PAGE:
"Words never fail. We hear them, we read them; they enter into the mind and become part of us for as long as we shall live. Who speaks reason to his fellow men bestows it upon them. Who mouths inanity disorders thought for all who listen. There must be some minimum allowable dose of inanity beyond which the mind cannot remain reasonable. Irrationality, like buried chemical waste, sooner or later must seep into all the tissues of thought."
nd even ad hoc invention of new grammatical arrangements can we get along at all without the prepositional phrase, as trivial as that little thing seems to be. It's more than that. Should we lose prepositional phrases, the loss of a certain arrangement of words would be only the visible sign of a stupendous unseen disorder. We would in fact have lost prepositionalism, so to speak, the whole concept of the kind of relationship that is signaled by the prepositional phrase. We'd probably be totally incapacitated.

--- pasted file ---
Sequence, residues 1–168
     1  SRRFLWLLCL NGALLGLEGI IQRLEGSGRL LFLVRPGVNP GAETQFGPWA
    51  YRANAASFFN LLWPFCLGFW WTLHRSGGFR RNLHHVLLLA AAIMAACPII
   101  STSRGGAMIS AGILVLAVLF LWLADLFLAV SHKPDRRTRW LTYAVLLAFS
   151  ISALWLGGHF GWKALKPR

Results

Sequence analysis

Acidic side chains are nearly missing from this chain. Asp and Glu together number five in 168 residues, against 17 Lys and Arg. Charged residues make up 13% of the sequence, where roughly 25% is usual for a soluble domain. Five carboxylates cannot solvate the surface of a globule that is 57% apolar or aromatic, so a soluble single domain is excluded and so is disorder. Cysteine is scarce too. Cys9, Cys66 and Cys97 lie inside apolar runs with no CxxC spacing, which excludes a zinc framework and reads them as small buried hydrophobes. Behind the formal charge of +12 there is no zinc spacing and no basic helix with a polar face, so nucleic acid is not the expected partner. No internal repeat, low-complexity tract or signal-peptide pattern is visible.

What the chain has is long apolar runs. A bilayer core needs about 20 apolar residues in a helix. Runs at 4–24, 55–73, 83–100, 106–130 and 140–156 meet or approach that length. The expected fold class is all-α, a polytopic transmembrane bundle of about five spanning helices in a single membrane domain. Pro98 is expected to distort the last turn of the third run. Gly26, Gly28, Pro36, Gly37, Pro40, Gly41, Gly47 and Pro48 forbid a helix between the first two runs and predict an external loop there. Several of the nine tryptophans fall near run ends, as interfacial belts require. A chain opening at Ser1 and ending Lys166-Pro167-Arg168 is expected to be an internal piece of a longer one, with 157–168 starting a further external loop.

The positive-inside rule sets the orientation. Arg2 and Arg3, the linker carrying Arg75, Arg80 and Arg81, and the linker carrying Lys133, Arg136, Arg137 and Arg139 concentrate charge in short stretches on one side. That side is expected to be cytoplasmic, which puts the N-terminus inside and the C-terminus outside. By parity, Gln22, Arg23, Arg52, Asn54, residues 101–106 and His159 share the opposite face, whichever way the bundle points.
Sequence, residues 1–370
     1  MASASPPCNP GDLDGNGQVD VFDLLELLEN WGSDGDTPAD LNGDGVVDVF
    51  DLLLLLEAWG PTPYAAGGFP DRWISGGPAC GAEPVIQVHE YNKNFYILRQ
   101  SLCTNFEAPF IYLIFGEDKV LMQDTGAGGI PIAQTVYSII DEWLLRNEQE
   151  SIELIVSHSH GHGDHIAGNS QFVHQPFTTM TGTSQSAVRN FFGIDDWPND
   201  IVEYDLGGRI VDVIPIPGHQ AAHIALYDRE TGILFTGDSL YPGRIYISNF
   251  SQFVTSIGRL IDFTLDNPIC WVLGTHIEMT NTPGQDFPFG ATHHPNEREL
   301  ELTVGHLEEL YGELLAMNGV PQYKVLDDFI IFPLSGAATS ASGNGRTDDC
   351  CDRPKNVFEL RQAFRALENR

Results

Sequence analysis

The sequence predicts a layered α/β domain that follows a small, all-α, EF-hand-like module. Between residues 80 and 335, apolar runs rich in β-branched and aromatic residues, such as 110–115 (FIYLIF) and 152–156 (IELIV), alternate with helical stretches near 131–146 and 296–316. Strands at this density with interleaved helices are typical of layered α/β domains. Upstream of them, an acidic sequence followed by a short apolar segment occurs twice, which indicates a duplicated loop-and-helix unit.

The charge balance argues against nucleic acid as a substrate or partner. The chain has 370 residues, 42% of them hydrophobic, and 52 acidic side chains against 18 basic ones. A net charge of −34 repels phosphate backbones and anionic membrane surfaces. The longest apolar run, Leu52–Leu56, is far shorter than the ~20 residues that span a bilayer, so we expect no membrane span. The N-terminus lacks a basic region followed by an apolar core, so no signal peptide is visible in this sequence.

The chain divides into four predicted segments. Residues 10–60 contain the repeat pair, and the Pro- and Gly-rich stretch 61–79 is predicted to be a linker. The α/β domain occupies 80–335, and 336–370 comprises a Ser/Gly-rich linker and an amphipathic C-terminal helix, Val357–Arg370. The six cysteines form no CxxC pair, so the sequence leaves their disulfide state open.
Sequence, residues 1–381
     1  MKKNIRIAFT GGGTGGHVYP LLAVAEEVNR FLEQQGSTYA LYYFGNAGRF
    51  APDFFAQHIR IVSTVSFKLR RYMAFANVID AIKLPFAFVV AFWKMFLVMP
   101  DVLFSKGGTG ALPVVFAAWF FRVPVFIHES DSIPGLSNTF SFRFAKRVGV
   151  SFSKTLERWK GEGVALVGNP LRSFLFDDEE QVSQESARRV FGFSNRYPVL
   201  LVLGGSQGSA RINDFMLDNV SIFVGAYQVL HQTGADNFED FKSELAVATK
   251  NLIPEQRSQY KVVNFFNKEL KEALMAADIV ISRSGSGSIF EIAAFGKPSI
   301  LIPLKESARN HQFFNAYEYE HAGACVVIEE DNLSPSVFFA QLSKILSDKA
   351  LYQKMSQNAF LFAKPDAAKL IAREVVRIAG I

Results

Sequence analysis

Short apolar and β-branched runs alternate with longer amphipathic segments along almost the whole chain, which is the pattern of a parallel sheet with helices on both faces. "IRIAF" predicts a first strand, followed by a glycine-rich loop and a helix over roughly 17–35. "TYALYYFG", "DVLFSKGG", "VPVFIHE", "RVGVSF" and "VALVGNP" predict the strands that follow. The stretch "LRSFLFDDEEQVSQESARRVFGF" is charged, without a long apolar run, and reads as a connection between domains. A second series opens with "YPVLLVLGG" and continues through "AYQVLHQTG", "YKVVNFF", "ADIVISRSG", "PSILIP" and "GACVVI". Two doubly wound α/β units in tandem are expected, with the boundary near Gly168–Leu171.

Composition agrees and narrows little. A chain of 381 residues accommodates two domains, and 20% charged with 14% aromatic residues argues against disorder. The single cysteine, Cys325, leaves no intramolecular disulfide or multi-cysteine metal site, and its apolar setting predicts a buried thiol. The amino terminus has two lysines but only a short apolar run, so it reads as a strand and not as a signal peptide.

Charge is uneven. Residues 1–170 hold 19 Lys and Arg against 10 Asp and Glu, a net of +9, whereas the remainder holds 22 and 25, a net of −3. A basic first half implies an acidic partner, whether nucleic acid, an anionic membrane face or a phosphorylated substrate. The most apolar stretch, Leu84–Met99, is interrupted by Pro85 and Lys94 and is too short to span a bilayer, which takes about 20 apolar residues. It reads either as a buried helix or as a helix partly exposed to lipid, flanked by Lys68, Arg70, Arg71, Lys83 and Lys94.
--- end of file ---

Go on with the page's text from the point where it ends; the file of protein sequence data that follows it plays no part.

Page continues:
Try now to imagine the history of mankind without the prepositional phrase, or, if you're tired of that, the relative clause or the distinction between subject and object. It would be absurd to think that lacking those and other such things the appearance and growth of human culture would have been merely hindered. It would have been impossible. Everything that we have done would have been simply impossible. The world out there is made of its own stuff, but the world that we can understand and ma